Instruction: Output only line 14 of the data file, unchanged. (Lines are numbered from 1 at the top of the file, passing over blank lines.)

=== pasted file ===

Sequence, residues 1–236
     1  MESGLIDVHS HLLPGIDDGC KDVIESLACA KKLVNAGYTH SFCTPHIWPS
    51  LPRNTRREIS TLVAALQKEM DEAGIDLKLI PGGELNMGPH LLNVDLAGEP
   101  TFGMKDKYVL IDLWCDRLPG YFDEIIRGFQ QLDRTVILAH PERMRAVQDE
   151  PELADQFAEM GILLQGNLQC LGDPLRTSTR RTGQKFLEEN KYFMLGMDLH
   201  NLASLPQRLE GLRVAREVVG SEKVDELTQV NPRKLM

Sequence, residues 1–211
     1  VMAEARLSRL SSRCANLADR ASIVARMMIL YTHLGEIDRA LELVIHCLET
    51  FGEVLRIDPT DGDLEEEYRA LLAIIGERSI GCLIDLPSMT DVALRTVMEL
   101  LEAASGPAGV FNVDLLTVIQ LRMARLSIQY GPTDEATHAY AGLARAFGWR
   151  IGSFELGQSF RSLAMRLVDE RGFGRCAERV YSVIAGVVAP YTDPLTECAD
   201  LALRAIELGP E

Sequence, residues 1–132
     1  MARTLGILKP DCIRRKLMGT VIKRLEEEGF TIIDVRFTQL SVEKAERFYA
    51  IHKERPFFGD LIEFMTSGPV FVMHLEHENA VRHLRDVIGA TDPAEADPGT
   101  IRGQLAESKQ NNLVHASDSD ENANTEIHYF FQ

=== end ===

     1  MARTLGILKP DCIRRKLMGT VIKRLEEEGF TIIDVRFTQL SVEKAERFYA